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19/9/2018 — Conference Special
Political hurdles raised at conference
By Simon Hartley

Major players in the resource sector are in good heart, but a pall hangs over the industry as the Government decides where to take its “no new mines on conservation land” pledge.

With the Crown Minerals Act under review, and being opened to consultation in coming weeks, the uncertainty overshadows the annual Australian Institute of Mining & Metallurgy, New Zealand Mining Conference in Tauranga, which attracted about 200 delegates.

To make the point of uncertainty ahead, all three of the pre-conference field trips in the region, to gold and coal mines were interrupted by protesters, with several given pre-charge warnings by police, but with no arrests made.

On Monday protesters were not reported to be at the conference centre. The opening morning included updates from OceanaGold Corporation (TSX & ASX: OGC) and Bathurst Resources Ltd (ASX: BRL), both bullish on their respective outlooks.

As with other presenters, both noted their respective historic mining areas, in that mines had been established there for some time, so could not be considered new, as they both consider applying for mining consents.

Director with consultants Campbell McPherson, Tony Haworth, said the proposed ban over conservation land would be “anti-mining,” and highlighted 70% of minerals were located on some form of conservation land.

If banning new mines came into force, that would “sterilise another third” of land, threatening more than $50 million of work.

Haworth also introduced a theme running through the conference, of the need for the industry to mine “green technology minerals” - rare earth elements crucial to manufacturing solar panels and batteries.

“Green energy needs a raft of minerals for these turbines and for solar energy,” Haworth said.

The clean technology needed was an opportunity for NZ; which a few months ago was what Energy and Resources Minister Megan Woods had talked up. Dr Woods was invited to the conference, but was unable to attend.

Haworth noted there had been “zero” finds of the rare earth elements, nor nickel, cobalt or lithium. However, there had been $1.1 billion on gold, coking coal, iron sands and silver produced last year.

“When you look at the broader suite of (those) minerals it's very positive for New Zealand,” he said.

OceanaGold's general manager at Waihi, Bernie O'Leary, updated the conference on working towards extending the mine life, from the current end of 2019, to adding another decade, through Project Martha.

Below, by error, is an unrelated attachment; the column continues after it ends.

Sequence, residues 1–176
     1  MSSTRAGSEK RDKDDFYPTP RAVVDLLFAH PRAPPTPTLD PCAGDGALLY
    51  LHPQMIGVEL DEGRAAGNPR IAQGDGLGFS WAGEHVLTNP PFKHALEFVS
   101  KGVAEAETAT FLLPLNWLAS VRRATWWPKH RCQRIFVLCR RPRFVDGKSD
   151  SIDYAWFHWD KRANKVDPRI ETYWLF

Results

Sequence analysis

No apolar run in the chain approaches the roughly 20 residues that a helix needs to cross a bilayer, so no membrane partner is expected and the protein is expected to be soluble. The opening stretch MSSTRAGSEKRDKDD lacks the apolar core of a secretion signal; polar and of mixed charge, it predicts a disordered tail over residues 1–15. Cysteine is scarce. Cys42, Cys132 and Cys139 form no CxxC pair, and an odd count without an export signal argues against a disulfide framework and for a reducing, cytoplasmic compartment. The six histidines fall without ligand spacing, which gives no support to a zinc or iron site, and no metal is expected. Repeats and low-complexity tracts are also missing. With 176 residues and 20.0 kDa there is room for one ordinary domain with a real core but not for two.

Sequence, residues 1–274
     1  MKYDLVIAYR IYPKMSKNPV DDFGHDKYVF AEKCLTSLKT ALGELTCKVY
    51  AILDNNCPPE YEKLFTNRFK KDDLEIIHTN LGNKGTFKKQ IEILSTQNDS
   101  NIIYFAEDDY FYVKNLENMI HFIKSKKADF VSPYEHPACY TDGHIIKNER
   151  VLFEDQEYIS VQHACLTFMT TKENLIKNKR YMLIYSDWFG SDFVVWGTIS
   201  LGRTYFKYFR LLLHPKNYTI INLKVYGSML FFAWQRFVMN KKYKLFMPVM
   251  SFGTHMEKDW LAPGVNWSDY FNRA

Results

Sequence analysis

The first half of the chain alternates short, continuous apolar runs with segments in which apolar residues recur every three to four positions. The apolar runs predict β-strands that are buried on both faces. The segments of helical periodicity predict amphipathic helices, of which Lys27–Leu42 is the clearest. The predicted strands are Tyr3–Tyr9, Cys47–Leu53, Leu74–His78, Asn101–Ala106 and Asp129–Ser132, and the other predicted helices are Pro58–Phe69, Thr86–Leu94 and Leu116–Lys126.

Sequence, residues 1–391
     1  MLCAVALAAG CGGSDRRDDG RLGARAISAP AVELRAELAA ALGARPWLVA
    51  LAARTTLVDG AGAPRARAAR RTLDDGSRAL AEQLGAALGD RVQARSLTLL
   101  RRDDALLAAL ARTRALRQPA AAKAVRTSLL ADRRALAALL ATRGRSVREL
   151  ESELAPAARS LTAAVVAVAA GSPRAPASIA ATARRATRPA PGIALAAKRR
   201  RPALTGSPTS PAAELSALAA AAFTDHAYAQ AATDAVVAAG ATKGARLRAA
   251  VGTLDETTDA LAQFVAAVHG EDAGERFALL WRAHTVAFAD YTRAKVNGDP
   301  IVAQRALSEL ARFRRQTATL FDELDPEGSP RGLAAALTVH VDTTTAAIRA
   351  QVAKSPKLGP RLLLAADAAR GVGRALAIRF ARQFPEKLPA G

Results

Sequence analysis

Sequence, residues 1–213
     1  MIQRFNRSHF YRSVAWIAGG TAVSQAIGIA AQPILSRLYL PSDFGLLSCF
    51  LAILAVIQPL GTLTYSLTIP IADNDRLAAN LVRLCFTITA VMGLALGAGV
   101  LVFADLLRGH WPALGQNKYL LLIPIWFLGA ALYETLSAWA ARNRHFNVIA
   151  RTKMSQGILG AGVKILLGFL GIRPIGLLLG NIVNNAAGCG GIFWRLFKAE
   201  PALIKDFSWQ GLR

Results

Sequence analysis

It would be a combination of open pit and new underground, some of the latter under homes in Waihi and a school - which had been done before. Consenting submissions had just closed and O’Leary expected a November hearing and, subject any appeals, mining could possibly start at the end of the year.

“It would be the first time in decades that Waihi would have a mine life of more than 10 years,” he said.

Bathurst Resources chief executive Richard Tacon was similarly upbeat in his outlook, given the purchase of three former Solid Energy coal mines saw production boosted from 400,000 tonnes to 2.2 million tonnes last year, and an operating profit of almost $73 M.

There had been large export growth to India, but also Australia and Korea.Bathurst will resume consenting for its Buller project, with first coal expected off the Denniston Plateau, above Westport, by 2022, which would build towards 650,000t annually.

On the question of “no new mines,” he highlighted 120 years of plateau mining history with numerous mines spread over the area. Bathurst has also taken a stake in a Canadian venture, but also now on the table is a court challenge for $60 M of payments from the company which sold Bathurst its Buller permits in 2010.

Bathurst has lodged an appeal, after losing an earlier High Court determination.

Chief operating officer Wayne Chowles of New Talisman Gold Mines Ltd (NZX & ASX: NTL), whose Karangahake mine was was also positive on getting some production, albeit small, under way by October.

More feasibility studies were under way, looking for high grade targets, with a small pilot plant due for delivery soon, to process 90 kg of ore per hour. He too made a point of highlighting the mine's long history, which in its entirety has 35 kilometres of tunnels spread over about 15 levels; of which Talisman is only developing a small part.

*Simon Hartley is senior business reporter and assistant chief reporter for the Otago Daily Times.

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Tony Haworth.